Tools | By Duncan Haughey | minute read
Albert Humphrey, an American business and management consultant, developed the SWOT Analysis technique while working at the Stanford Research Institute (SRI) in the 1960s.
SWOT is a strategic planning tool that project managers can use to evaluate a projects strengths, weaknesses, opportunities, and threats.
It involves specifying the project's objective and identifying the internal and external factors that are favourable and unfavourable to achieving that objective. The strengths and weaknesses usually arise within an organisation and the opportunities and threats from external sources.
The SWOT analysis is an integral part of the project planning process:
- Strengths: attributes of the organisation that help achieve the project objective.
- Weaknesses: characteristics of the organisation that stop achievement of the project objective.
- Opportunities: external conditions that help achieve the project objective.
- Threats: external conditions that could damage the project.
Use the following grid to record each factor:
|State Project Objective:|
|Strengths (internal factors)||Weaknesses (internal factors)|
|Track record (similar successes)||Gaps in knowledge and expertise|
|Resource availability||Timescale and deadlines|
|Skill levels||Budget and funding|
|Processes and systems||Competing projects|
|Reputation||Processes and systems|
|Opportunities (external factors)||Threats (external factors)|
|Technology and infrastructure development||Political influences|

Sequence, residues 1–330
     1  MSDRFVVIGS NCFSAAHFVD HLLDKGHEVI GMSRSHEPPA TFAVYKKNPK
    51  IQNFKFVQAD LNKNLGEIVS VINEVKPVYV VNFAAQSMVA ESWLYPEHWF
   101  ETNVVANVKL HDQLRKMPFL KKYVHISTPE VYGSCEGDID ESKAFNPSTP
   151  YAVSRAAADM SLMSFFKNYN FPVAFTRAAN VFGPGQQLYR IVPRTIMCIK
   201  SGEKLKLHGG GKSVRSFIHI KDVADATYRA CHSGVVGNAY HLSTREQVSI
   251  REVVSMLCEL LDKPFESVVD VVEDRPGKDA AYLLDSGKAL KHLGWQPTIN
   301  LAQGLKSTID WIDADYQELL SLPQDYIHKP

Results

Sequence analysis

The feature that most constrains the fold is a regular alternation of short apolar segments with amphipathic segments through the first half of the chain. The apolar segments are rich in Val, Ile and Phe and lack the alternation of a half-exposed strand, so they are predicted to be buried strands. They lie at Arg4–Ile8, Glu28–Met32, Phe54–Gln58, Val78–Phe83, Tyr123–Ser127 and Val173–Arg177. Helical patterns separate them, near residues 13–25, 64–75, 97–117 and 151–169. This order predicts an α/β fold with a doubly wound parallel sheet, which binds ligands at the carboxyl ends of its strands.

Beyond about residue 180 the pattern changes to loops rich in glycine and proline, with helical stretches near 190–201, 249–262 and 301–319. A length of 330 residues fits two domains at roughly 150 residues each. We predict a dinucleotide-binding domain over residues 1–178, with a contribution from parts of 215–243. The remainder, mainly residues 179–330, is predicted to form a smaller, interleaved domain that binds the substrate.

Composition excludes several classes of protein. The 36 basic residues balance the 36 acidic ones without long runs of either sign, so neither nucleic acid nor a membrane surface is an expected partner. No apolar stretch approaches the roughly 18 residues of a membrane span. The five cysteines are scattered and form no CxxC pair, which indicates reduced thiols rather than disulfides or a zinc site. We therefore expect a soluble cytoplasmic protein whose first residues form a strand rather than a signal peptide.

|Changing consumer behaviour||Environmental factors|
|Emerging and developing markets||Competitor activity|
|Market demand||Seasonal effects|
With a SWOT analysis, it is helpful to ask these four questions:
- How can we use our strengths?
- How can we address each weakness?
- How can we exploit each opportunity?
- How can we guard against each threat?
Advantages of SWOT
- Short and only costs time to do.
- Produces new ideas to help take advantage of an organisation's strengths and defend against threats.
- Awareness of political and environmental threats allows an organisation to have response plans prepared.
Disadvantages of SWOT
- May persuade organisations to compile lists rather than think about what is essential to achieving objectives.
- It presents lists uncritically and without clear prioritisation. For example, weak opportunities may appear to balance serious threats.
- Usually, a simple list and not critically presented.
Practitioners often use SWOT analysis in conjunction with PEST analysis, which stands for political, economic, social, and technological.
Recommended read: PEST Analysis by Duncan Haughey.